The Greenway

Kathy Koon briskly walks down a tree covered path.  She stops momentarily to look at a bird hunting for fish in the river running alongside her, sighs, and then keeps walking.

 
“There is nothing better than taking a walk in nature,” she says. “We have to value green space in our community otherwise we lose touch.”
 
She is one of many Clarke County citizens who enjoy the Greenway along the Oconee River.  Every Sunday she eats her lunch then goes for a walk along then a river trail provided by the initiative.  She will have more places along the river to enjoy her ritual one day. 
 
In June of 2009, the Clarke-County Commissioners approved planning maps the Department of Leisure Services Natural Resource Division compiled for the northern section of North Oconee River.   This section of the river will lead north of downtown to the Botanical Gardens on Milledge Avenue.
 
 The river trails will connect the parts of the Greenway already heading toward downtown.
 
 “Students will be able to use it to get to school,” said Mel Cochran, the Greenway facilitator supervisor.  “It’s unsafe to walk and bike on the main roads and the path will be an alternative.”
 
The Greenway is a long process that is years in the making.  The efforts have been in effect since to 1970’s when Warren Manning first proposed a greenway system for the river because of the presence of industrial waste. 
 
The concept was then adopted by Charlie Aguar who, according to Chocran, is the father of the modern Greenway.  The Greenway Network now works with nature and citizens as equal parts of the equation.  Because the Greenway doesn’t claim or rezone land, the process can take a long time and delay plans for all development even when the commission gives the go ahead.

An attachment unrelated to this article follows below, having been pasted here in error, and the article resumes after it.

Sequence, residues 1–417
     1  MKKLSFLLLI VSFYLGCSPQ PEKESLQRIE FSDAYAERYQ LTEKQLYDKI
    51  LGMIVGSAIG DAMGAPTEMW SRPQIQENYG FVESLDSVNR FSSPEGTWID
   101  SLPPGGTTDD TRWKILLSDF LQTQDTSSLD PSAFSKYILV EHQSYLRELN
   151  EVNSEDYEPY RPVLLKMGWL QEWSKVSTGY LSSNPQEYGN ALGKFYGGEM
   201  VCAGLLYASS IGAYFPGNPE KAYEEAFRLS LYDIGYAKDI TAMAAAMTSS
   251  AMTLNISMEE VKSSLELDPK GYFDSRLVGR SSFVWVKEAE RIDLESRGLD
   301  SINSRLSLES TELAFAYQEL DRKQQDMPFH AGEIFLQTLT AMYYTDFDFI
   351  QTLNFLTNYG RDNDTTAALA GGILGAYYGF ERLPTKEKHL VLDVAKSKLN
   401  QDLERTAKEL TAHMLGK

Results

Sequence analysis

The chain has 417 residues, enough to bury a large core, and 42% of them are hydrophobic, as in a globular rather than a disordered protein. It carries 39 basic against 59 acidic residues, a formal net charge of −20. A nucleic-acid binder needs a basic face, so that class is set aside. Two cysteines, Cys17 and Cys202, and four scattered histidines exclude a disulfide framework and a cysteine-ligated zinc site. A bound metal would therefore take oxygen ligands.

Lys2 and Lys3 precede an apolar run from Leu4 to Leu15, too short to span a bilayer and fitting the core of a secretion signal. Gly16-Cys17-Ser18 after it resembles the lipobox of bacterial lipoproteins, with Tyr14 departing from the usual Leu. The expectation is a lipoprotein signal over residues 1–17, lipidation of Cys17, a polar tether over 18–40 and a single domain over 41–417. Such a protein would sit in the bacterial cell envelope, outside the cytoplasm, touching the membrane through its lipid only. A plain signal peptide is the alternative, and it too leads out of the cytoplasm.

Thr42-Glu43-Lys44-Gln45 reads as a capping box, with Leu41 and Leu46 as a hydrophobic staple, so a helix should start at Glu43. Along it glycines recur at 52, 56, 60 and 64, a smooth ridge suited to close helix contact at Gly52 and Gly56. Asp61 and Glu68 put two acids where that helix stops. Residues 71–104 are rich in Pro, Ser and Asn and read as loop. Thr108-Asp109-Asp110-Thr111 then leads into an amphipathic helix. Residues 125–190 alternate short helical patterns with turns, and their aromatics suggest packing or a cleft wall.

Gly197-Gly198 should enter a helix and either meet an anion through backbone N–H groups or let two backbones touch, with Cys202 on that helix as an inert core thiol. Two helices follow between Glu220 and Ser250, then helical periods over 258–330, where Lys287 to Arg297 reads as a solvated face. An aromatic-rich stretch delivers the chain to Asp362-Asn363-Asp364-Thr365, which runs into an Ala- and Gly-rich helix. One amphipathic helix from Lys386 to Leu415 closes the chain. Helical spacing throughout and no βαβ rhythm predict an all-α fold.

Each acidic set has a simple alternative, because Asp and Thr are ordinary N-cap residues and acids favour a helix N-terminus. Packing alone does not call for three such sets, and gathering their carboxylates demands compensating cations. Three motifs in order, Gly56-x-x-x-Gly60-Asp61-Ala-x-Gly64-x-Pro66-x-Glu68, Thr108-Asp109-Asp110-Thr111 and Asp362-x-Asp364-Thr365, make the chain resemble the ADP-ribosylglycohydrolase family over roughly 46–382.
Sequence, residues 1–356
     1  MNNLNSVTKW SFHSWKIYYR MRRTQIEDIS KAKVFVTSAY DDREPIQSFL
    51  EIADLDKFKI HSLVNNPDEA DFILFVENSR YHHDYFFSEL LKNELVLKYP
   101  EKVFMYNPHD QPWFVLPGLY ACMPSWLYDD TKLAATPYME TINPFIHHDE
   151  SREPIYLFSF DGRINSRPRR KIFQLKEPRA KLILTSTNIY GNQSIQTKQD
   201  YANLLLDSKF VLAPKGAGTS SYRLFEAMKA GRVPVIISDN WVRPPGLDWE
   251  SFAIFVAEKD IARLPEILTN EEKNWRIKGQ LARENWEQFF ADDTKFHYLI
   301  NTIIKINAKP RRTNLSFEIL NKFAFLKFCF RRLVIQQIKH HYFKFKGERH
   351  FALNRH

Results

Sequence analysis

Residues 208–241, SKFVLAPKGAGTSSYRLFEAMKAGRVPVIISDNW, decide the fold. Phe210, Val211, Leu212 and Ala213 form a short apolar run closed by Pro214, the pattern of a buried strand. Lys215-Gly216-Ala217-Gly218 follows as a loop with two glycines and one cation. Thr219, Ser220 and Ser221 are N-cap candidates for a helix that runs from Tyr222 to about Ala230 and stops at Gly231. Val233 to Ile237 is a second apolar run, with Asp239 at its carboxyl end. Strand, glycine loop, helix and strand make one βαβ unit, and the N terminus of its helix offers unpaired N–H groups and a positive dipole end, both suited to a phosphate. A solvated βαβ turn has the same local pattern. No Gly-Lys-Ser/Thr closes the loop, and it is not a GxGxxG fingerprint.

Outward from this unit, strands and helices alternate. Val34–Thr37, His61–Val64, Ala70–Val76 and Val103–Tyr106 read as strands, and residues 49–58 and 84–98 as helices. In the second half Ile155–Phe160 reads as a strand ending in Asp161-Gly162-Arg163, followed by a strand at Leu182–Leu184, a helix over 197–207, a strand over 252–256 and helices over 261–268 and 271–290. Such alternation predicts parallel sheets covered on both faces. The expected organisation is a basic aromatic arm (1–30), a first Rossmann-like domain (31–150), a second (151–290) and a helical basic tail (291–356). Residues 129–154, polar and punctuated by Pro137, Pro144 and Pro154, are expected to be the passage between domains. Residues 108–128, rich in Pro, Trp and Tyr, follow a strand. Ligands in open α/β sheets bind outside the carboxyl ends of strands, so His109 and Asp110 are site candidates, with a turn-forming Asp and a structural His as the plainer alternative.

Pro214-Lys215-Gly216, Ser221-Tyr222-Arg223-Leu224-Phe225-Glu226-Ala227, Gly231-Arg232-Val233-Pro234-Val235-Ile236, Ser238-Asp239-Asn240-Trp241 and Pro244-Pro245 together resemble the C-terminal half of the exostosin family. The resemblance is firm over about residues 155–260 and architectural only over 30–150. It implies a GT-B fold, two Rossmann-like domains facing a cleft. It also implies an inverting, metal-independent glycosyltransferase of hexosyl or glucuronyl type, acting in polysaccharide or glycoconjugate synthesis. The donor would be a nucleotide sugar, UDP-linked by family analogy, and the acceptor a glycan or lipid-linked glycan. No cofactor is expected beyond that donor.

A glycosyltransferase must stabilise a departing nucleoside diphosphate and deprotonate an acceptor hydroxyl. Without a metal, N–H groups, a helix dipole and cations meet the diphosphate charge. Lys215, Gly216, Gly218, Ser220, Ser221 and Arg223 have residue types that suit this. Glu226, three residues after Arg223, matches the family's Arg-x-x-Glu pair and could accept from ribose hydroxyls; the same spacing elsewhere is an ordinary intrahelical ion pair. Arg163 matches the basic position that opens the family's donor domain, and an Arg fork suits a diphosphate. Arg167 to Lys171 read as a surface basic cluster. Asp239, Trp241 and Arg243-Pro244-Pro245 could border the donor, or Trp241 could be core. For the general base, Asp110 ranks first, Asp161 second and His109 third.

“There wont be any development of the greenway this year,” said Cochran.  “Unless some grant comes our way, we are pretty much sitting it out till then.  Sadly, most environmental organizations like this don’t get much money from the government.”
 
The goal of the project, according to the Greenway Network Plan adopted June 2003, is to “provide a natural buffer system that enhances quality of life through the conservation and preservation of natural life support systems.”  This is a cause citizens, like Kathy Koon, can get behind but tax dollars are not enough to fuel the project.
 
“It takes about $20 million for us to do about 8 miles since we don’t rezone or take it,” said Chocran.  “I might not see it finished in my lifetime.”
 
Because of the expense of buying land, the Greenway often tries to negotiate with land owners to use their land in an eco-friendly way. The Greenway must get permission to build and Chocran finds many people are uncomfortable at first.
 
“First, we have to reassure people that we aren’t going to take their land,” said Cochran.  “Then we have to get over the fear of stranger danger.  Many people don’t want other people being able to bike or run through their yard, but from my experience, our patrons are good people who use the area as a safe place for their families and usually land owners start to see the benefit of it.”
 
Kathy Koon sees both side of this argument.
 
“You hear about how people have been killed on the Silver Commit Trail in Atlanta and you don’t want that in your community,” said Koon.  “On the other hand, the mission of the Greenway in noble; they want to protect the environment and that is something I can get behind.”
 
As Cochran and her colleagues reassure people of the benefits of the Greenway, their efforts will not see real results until they get more money.  Until then, the Greenway sign on Oconee Road will advertise only a dream of a trail. 
 
“It’s a wonderful asset to our community,” said Cochran, “and slowly but surely we will get it done.” 

Until then Kathy Koon will have to keep to the familiar trails of the Greenway, but she looks forward to the prospect of new places to sightsee one day.  

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